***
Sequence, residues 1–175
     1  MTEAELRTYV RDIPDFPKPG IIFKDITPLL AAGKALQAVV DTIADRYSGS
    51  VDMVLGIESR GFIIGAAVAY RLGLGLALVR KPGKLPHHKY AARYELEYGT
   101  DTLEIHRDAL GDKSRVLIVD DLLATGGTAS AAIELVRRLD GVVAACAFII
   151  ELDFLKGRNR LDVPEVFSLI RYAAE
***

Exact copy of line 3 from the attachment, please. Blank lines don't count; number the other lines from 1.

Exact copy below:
    51  VDMVLGIESR GFIIGAAVAY RLGLGLALVR KPGKLPHHKY AARYELEYGT